Sunday, February 27, 2011

Parenting Tip #68 Ode to my Kitchen Timer

Ode to my kitchen timer
How do I love thee? Let me count the ways.
I love thee for the many ways
I can use you in my busy days
I love the things I can control
From kids to dinner---hey, I’m on a roll!

Here are 16 ways you can use a timer to help you set limits:
1. Practice musical instrument
2. Time out chair/room
3. Chore you or child doesn’t want to do
4. Children’s cell phone conversations
5. Time till brothers/sisters/Dad get home from school/work
6. Homework time
7. Children do chores to beat the timer
8. Snore alarm (put by bed)
9. Help you get out the door on time
10. Take turns to play with toy
11. No fighting for this length of time
12. Time allowed on the computer, video games
13. Exercise time
14. Quiet time for mom
15. Quiet time for children
16. Bath time

Anymore ideas?

Sunday, February 20, 2011

Parenting Tip #67 Courageous Parenting

Courageous Parenting”, that’s the title of a speech given by Elder Larry R. Lawrence at a past Church conference and he says it is a “good theme for parents.” The youth are a primary target to whom Satan is directing his attention and parents need to be courageous as they counsel and teach their children.

Parents need to be courageous as they teach their youth about modesty. Don’t be afraid to say, “No, you may not wear that blouse”, and “Yes, we’ll buy the more expensive swimming suit because it is modest.”

Parents need to be courageous in saying, “No, you may not sleepover at your friend’s house,” and “Yes, you may stay until 11:00 and then I’ll drive you back in time for breakfast.”

Parents need to be courageous in limiting the time their children play video games and what type they play. Parents need to be courageous on insisting everyone eats dinner together at the dinner table (with no t.v.). Parents need to be courageous in saying “No” to steady dating, and “Yes” to group dating at age 16.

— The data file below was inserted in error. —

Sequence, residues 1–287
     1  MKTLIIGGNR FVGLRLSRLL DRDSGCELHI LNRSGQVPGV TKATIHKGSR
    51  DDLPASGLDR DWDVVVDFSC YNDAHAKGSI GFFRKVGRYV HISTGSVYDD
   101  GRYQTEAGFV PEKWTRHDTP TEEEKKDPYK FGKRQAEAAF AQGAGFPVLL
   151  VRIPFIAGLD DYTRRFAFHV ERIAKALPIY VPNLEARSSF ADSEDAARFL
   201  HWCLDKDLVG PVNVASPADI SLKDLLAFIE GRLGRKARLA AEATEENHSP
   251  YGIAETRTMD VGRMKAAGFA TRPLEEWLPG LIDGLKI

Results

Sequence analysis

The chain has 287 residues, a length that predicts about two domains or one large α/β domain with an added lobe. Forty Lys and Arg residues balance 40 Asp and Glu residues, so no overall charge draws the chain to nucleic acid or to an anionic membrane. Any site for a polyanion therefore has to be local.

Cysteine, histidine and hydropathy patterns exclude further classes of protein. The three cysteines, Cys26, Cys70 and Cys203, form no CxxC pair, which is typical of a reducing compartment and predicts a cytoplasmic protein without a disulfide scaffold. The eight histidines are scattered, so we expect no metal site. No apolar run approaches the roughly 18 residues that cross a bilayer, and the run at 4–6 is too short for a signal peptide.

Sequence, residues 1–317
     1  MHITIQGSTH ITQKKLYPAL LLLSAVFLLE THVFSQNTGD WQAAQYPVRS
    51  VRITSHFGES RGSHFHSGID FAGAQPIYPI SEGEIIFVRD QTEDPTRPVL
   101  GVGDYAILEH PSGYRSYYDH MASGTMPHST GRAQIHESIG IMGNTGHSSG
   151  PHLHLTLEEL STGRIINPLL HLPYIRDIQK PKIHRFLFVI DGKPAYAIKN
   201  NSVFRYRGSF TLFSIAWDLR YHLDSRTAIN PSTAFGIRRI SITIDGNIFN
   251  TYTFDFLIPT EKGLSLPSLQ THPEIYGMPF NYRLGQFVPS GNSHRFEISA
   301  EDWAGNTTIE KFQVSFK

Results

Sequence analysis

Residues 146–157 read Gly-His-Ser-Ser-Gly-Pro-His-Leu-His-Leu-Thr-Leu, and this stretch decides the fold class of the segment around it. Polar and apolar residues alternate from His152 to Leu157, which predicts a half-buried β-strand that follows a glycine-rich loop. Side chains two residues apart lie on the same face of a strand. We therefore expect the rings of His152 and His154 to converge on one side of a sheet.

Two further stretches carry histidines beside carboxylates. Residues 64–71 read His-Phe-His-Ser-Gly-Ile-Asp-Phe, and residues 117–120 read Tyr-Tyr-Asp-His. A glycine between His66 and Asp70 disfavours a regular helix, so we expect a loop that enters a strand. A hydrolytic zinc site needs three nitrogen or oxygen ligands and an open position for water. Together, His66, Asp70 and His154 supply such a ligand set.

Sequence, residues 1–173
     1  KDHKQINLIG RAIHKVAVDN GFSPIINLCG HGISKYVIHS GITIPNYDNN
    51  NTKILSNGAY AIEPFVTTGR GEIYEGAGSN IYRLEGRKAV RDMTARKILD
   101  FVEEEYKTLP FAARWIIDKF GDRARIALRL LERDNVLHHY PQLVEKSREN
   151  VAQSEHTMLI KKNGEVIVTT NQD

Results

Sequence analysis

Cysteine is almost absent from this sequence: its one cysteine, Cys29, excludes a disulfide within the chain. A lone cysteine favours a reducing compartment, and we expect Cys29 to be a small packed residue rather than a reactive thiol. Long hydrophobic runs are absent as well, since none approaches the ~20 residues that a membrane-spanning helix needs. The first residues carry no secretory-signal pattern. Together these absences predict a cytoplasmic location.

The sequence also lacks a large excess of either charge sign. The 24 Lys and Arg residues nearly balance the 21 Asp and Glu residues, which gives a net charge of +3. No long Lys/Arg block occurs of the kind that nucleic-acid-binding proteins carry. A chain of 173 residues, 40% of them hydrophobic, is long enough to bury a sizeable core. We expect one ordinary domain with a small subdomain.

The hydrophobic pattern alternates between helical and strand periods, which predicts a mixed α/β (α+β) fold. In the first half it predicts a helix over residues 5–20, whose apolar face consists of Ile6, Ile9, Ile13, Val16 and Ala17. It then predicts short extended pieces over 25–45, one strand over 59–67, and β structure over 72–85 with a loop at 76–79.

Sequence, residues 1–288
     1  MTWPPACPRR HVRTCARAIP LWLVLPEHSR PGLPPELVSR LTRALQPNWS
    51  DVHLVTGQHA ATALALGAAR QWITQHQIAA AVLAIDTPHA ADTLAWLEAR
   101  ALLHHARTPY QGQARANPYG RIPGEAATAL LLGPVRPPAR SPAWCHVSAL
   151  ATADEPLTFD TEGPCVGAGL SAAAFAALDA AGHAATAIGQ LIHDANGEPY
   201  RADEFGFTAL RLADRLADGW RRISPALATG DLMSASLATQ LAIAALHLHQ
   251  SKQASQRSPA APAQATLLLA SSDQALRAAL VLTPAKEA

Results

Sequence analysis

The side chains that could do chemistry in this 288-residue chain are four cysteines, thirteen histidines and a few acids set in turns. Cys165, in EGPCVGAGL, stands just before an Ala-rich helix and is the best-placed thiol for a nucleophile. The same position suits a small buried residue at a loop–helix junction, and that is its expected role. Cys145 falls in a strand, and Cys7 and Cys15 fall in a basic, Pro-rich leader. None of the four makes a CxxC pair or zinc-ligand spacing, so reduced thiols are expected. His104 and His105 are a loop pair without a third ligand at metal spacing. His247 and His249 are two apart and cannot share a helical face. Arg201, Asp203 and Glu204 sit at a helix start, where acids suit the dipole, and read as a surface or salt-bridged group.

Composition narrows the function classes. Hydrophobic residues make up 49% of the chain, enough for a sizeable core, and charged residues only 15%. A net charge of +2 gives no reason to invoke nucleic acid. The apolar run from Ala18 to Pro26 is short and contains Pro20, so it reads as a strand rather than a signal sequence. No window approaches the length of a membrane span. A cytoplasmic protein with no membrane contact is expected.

Curfew, friends, activities, dress, school, the list goes on and on. Courageous parenting, indeed.

Our children are under a lot of peer pressure. But I felt more peer pressure from other parents when my kids were teens than I ever did as a teenager myself! Other parents would let their children do this and that, but we wouldn’t let ours. Talk about pressure!

Courage was our answer—courage to stay true to our beliefs. That, and wonderful children who trusted their parents and had courage to obey their counsel.

Thursday, February 17, 2011

Music Tip #65 Piano Bingo

This week I played Piano Bingo with my students. I took the hearts off the bingo board and my students would choose one heart at a time, read the directions on the back, then match the number on the heart to the numbered square on the bingo board and do what the heart said to do. Some of the directions were: play your working song, play a review song with a steady beat, say the treble clef space names, etc. When all the hearts were put back on the board, a secret message was revealed (You Played Great Today!). Then I gave them some candy.

This is a fun way of giving piano lessons, both for me, the teacher, and the student. Life can get boring and it's fun to jazz things up a bit every once in a while. One year I did a baseball bingo during baseball season. The boys especially liked it.

Hummm, I should make a princess or fairy bingo, and maybe a take off on a movie like the Incredibles or Despicable Me. I've also made a Bingo game as a home practice gimmick. Just make a copy for each student on regular paper and write practice directions in each box. Then the child crosses out the squares each day as he practices.

Parenting Tip #66 Love Needs of Children